Review by Ian Keogh
This collection features John Byrne successfully switching the mood over two very different stories, with some plot threads running through both and out toward volume three. What was originally issued as Parallel reveals the existence of a Russian superhero programme that’s run out of control, and is a moody mystery with an inventive finale. That’s combined with the Fame collection, in which the world at large learns of the Next Men’s existence, far more whimsical and ending with a cliffhanger.
In Next Men Byrne’s taking the old Marvel template of superheroes, or at least teenagers with super powers, a step further, adding another level of realism. Six months have elapsed since the events of a single day detailed in volume one, and a clever opening chapter runs through the primary cast considering both the pros and cons of their super powers. Danny, the youngest, is very keen to adopt conventional superhero identities, and has costumed himself as Sprint, but the idea is less readily accepted by the others. The irony is that they’re sent to Russia as superheroes, while Danny is considered too young to accompany them. It’s his response that leads to the second story arc, by which time he’s found his half-sister. Byrne admirably undersells a surprising secret of their relationship.
As his career progressed into the 21st century Byrne tired of drawing, which is a great loss looking at the superb storytelling, confident character depiction, and choreographed action scenes on display throughout this book. It’s a masterclass in how to lay out a story, and on the occasions when the plot permits, Byrne relishes the opportunity to open out into a glorious spread. As the comics industry is part of the ‘Fame’ story, Byrne further enjoys himself parodying his past and caricaturing his friends.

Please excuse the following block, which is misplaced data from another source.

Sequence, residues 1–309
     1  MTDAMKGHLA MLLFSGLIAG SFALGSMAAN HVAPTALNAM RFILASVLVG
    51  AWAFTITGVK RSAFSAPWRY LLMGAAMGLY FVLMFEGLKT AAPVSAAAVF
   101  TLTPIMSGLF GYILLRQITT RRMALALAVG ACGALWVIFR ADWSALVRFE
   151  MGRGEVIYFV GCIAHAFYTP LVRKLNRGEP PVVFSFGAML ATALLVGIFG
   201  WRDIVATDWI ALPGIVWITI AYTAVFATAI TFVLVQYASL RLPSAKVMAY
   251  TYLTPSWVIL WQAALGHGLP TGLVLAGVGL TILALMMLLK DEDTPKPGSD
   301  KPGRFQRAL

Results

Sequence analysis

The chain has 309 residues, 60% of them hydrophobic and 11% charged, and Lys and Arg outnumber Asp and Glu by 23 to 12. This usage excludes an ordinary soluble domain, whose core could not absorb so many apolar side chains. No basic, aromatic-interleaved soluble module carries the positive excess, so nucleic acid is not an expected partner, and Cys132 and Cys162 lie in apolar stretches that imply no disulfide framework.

Although titled Next Men, it’s been clear from the beginning that a far wider cast was involved, and several more influential people are introduced in these pages. Byrne ensures there’s not a dull character in the bunch, and they interact well, but it’s also frustrating how little room this leaves for the super powered teens. Some are makeweights in the second half, reduced to a few lines of dialogue in 150 pages. It’s a minor caveat in what otherwise remains a very enjoyable, character driven series, and the plots that carry over surely ensure picking up volume three is a must.
Where this collection scores over the earlier reprints is by also including the ‘M4’ back-up strips that accompanied Next Men in the original comics. They tie in superficially at the start, as someone seen in volume one finds herself in the company of an android man, in true mystery style, lacking much of his memory before meeting her. Originally appearing in four to six page segments, ‘M4’ is a consistently intriguing piece, if suffering from the need to recap too often, and merges with the main strip in volume three.
In addition to the 1990s collections noted above, this content is also available spread over the volume one and two of Compleat Next Men in black and white. Alternatively the Next Men stories are available as the second hardcover Premier Collection, which also incorporates some of Classic Next Men Volume Three.